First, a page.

This post on beautiful Tokyo is long overdue following a week there in December 2012 with one of my best travel buds, my Dad. We were lucky to catch both the Emperor’s birthday – with a rare entry into the Imperial Palace – and the madness of a Comiket fair. We explored Ginza, Harajuku and everywhere in between. Other highlights included…
Sumo: The time of year meant we missed the Tokyo Tournament, so we organised a visit to a wrestling stable via the IJCEE. It was like nothing I’ve ever seen before. If you’re in Tokyo, you really can’t miss this.
Shinjuku: Shinjuku was my favourite neighbourhood, home to Golden Gai bar area and the stunning Park Hyatt hotel, which hosts the New York Bar & Grill where you can create your own Suntory moments.
Meiji: Another highlight was not just the serene Meiji Shrine itself, but the Meiji Shrine at the weekend with all the gorgeous traditional Japanese weddings parading through its courtyard, one after the other.
Music: Japan takes its music seriously, reflected in Tokyo’s world class jazz venues. We spent a couple of great evenings at Tokyo Blue Note and the Pit Inn. For a country I’ve always associated with cutting edge technology, it surprised me that the trade in second hand records is truly alive and well. Disk Union stocks literally every record that has ever been produced.
On that note, my final recommendation. Pick up a copy of the ‘Lost in Translation’ soundtrack (awesome Xmas present!). I’m just listening to it while pulling together this post. It feels like I’m right back wandering through the alleys of Golden Gai. Failing to be more original or witty, I’ve named this blog post after my favourite track on the CD – the 1971 song ‘Kaze Wo Atsumete’ (‘Gather the Wind’) by the band Happy End. Enjoy!
Recently got back from Taiwan. What an awesome place. What struck me first was how lovely Taiwanese people are – really welcoming and super helpful. Then there is the awesome food, which merits its own paragraph below. Ladies, Taipei is also awesome for shopping. I totally overindulged my partiality for scarves in Ximending and the night markets, preferring Shida to Shilin for clothes. Whenever you need a pit stop, temples abound. And to top it all off, in October the weather was simply…awesome!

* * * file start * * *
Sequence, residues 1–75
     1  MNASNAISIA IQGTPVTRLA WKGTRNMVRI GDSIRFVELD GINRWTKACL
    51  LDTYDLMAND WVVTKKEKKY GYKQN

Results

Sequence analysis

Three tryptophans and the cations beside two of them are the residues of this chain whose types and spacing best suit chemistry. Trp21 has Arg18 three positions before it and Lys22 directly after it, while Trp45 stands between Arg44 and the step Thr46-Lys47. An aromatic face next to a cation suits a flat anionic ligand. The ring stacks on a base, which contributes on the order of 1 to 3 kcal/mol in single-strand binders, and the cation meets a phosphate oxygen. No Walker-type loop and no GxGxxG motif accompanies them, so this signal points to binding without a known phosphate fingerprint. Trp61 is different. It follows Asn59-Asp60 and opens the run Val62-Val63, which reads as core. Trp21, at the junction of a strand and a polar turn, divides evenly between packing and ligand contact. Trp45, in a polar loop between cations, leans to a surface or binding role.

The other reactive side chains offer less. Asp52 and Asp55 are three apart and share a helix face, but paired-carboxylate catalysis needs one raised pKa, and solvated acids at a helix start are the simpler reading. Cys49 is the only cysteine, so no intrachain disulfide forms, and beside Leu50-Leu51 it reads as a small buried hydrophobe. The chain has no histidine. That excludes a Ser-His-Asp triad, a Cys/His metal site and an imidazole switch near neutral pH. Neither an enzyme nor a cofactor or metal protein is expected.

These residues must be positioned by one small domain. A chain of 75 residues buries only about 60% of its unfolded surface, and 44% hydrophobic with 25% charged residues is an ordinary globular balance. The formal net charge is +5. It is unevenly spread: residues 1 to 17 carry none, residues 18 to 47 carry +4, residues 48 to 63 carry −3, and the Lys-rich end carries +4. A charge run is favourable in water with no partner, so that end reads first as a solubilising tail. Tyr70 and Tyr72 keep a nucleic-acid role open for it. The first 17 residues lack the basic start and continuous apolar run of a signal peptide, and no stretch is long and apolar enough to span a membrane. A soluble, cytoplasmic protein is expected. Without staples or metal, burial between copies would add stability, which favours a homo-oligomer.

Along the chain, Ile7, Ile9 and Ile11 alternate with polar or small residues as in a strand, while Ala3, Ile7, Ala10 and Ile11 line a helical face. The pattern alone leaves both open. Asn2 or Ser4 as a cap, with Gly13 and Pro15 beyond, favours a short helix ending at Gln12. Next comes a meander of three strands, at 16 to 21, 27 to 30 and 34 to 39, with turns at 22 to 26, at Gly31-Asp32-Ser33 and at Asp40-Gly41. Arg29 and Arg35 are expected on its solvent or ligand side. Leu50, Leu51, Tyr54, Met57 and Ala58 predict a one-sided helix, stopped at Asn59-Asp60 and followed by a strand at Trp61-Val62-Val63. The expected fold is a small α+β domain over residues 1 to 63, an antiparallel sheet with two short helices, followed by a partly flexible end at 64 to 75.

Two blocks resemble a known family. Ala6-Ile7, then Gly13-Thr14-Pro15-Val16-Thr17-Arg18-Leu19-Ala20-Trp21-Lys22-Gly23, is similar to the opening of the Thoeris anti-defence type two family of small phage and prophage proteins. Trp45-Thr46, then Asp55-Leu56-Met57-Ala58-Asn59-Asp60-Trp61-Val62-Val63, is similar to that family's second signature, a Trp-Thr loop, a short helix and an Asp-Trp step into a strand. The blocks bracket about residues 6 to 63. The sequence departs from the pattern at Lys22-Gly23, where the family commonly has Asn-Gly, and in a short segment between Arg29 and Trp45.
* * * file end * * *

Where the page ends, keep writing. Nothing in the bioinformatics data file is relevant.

All across Jordan
I was told today that Ramadan starts in a week and I find myself reminiscing about a 2009 holiday in Jordan. We traversed the country, starting in Jerash and finishing in Aqaba. I have a couple favourite moments. One is walking down The Siq at Petra for the first time and seeing The Treasury emerge. The other was during an evening in Amman. We had finished our mint tea and were getting ready to leave when, across the smoky shisha cafe, someone called my name. It was an old Palestinian friend who I’d studied with on the other side of the world a couple years before! I love run-in moments like that. It was Ramadan (hence the mint tea) and having an old friend to have Iftar with was the highlight of the holiday.
Route travelled: Jerash, Dead Sea, Petra, Wadi Rum, Aqaba, Amman
Shanghai, Suzhou and Hangzhou, China
I always love visiting Shanghai. Here’s a collection of shots from Shanghai and nearby Suzhou and Hangzhou. I’ve been asked for a few Shanghai recommendations recently, so here’s my top three: